The pacemaker is an electronic biomedical device that can regulate the human heartbeat when its natural regulating mechanisms break down. It is a small box surgically implanted in the chest cavity and has electrodes that are in direct contact with the heart. First developed in the 1950s, the pacemaker has undergone various design changes and has found new applications since its invention. Today, pacemakers are widely used, implanted in tens of thousands of patients annually.
The heart is composed of four chambers, which make up two pumps. The right pump receives the blood returning from the body and pumps it to the lungs. The left pump gets blood from the lungs and pumps it out to the rest of the body. Each pump is made up of two chambers, an atrium and a ventricle. The atrium collects the incoming blood. When it contracts, it transfers the blood to the ventricle. When the ventricle contracts, the blood is pumped away from the heart.
In a normal functioning heart, the pumping action is synchronized by the pacemaker region of the heart, or sinoatrial node, which is located in the right atrium. This is a natural pacemaker that has the ability to create electrical energy. The electrical impulse is created by the diffusion of calcium ions, sodium ions, and potassium ions across the membrane of cells in the pacemaker region. The impulse created by the motion of these ions is first transferred to the atria, causing them to contract and push blood into the ventricles. After about 150 milliseconds, the impulse moves to the ventricles, causing them to contract and pump blood away from the heart. As the impulse moves away from each chamber of the heart, that section relaxes.
Unfortunately, the natural pacemaker can malfunction, leading to abnormal heartbeats. These arrhythmias can be very serious, causing blackouts, heart attacks, and even death. Electronic pacemakers are designed to supplement the heart's own natural controls and to regulate the beating heart when these break down. It is able to do this because it is equipped with sensors that constantly monitor the patient's heart, and a battery that sends electricity, when needed, through lead wires to the heart itself to stimulate the heart to beat.
In addition to outer units, artificial pacemakers can be permanently implanted in a patient's chest. This is done by first guiding the lead through a vein and into a chamber of the heart, where the lead is secured. Fluoroscopic imaging helps facilitate this process. The pacemaker itself is next placed in a pocket, which is formed by surgery just above the upper abdominal quadrant. The lead wire is then connected to the pacemaker, and the pocket is sewn shut. This is a vast improvement over early methods, which required opening the chest cavity and attaching the leads directly to the outer surface of the heart.
The idea of using an electronic device to provide consistent regulation of the beating heart was not initially obvious to the early developers of the pacemaker. The first pacemaker, developed by Paul Zoll in 1952, was a portable version of a cardiac resuscitator. It had two lead wires that could be attached to a belt worn by the patient. It was plugged into the nearest wall socket and delivered an electric shock that stimulated the heart of a patient having an attack. This stimulation would usually be enough to cause the heart to resume its normal function. While moderately effective, this early pacemaker was primarily used in emergency situations.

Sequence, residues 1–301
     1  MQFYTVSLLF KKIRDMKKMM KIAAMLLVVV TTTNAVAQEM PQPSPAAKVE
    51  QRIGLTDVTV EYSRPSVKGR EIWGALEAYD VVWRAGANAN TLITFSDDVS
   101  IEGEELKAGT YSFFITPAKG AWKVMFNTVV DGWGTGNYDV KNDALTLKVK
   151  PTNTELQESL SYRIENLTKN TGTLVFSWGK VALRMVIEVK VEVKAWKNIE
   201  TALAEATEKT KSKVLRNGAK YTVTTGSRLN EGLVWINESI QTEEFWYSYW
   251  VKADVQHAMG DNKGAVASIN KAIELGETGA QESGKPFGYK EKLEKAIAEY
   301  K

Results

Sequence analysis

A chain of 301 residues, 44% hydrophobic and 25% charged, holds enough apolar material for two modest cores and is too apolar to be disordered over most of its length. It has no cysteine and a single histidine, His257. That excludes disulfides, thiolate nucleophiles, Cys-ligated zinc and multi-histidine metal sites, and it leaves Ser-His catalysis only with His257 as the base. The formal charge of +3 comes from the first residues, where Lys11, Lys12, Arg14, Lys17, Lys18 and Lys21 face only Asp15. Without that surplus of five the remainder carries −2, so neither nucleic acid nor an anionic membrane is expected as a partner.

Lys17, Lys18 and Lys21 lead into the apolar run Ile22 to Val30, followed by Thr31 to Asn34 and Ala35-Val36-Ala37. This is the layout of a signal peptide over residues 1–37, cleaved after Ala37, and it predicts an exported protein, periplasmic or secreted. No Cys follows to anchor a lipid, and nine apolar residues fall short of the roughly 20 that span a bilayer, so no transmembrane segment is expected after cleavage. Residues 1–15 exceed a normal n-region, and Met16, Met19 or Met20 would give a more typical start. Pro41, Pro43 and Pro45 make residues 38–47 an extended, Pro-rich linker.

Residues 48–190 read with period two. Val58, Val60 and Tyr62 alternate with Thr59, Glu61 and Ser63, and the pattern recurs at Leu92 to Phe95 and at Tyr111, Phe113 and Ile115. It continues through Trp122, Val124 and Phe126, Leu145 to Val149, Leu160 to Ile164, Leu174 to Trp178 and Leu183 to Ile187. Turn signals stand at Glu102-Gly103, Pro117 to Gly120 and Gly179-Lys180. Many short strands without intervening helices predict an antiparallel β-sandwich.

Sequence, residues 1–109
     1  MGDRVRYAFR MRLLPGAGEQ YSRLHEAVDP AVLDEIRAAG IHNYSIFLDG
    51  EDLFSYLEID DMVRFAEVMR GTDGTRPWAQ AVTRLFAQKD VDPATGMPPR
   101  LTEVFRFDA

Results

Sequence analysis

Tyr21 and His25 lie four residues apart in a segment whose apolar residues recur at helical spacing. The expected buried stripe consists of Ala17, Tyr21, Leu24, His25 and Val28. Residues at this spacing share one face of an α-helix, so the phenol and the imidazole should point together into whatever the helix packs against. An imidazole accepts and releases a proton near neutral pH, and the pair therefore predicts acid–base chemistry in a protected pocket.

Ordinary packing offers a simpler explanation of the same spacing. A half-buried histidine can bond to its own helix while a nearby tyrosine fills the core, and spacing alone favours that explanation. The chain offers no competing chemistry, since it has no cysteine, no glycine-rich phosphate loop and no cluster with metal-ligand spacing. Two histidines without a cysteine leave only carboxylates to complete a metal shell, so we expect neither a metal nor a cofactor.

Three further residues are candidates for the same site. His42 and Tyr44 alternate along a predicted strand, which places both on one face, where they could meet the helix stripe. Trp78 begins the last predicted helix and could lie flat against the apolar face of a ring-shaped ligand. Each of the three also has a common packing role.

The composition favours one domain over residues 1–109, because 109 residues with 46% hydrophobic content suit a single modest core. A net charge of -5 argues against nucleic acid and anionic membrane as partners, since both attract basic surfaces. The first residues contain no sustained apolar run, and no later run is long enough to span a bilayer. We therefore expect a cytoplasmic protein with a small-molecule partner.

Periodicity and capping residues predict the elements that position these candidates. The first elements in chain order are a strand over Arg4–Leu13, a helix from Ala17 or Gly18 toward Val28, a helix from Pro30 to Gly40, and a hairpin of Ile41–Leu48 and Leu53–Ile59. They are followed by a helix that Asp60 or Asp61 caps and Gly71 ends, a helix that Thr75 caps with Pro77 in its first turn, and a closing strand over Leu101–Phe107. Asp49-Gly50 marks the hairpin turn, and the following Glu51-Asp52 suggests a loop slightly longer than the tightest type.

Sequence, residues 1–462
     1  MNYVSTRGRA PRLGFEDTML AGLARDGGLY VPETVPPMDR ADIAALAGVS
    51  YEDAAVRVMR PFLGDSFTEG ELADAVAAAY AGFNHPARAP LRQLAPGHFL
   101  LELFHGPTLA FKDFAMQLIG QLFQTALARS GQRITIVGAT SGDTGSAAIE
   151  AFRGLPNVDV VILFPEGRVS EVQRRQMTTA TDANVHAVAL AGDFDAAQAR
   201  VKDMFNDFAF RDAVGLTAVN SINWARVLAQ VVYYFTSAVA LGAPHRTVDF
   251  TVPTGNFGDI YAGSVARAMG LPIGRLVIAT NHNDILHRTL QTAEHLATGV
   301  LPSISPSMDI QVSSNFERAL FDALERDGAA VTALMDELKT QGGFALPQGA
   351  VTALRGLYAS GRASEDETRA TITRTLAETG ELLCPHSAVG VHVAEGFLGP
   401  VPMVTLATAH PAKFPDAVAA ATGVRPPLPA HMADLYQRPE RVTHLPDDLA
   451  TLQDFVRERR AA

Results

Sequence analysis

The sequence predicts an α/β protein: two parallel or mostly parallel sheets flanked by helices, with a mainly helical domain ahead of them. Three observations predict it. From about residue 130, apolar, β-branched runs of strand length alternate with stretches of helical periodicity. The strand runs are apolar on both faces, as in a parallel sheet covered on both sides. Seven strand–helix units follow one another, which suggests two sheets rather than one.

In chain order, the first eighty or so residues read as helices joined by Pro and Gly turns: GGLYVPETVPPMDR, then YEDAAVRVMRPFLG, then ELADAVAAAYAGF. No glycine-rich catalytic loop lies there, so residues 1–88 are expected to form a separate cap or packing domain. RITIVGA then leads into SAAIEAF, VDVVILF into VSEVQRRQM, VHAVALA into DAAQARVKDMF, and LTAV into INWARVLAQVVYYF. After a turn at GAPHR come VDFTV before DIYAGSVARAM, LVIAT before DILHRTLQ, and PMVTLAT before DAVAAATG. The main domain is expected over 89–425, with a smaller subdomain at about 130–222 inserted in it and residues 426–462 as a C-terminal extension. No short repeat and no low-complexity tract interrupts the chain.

Through 1957 and 1960 significant improvements were made to Zoll's original invention. In an attempt to reduce the amount of voltage needed to restart the heart and increase the length of time electronic pacing could be accomplished, C. Walton Lillehei made a pacemaker that had leads attached directly to the outer wall of the heart. Later, in 1958, a battery was added as the power source, making the pacemaker truly portable, which allowed patients to be mobile. This also enabled patients to use the pacemaker continuously instead of only for emergencies. Lillehei's pacemaker was external. William Chardack and Wilson Greatbatch invented the first implantable pacemaker. It was implanted in a living patient in 1960.
The modern technique for putting a pacemaker into a patient's heart was developed by Seymour Furman. Instead of cutting open the chest cavity, he used a method of inserting the leads into a vein and threading them up into the ventricles. With the leads inside the heart, even lower voltages were needed to regulate the heartbeat. This increased the length of time a pacemaker could be inside a person. Although his method was not widely used initially, by the late 1960s most cardiac specialists had switched to Furman's endocardial pacemakers. Since then improvements have been made in their design, including smaller pacemaker devices, longer lasting batteries, and computer controls.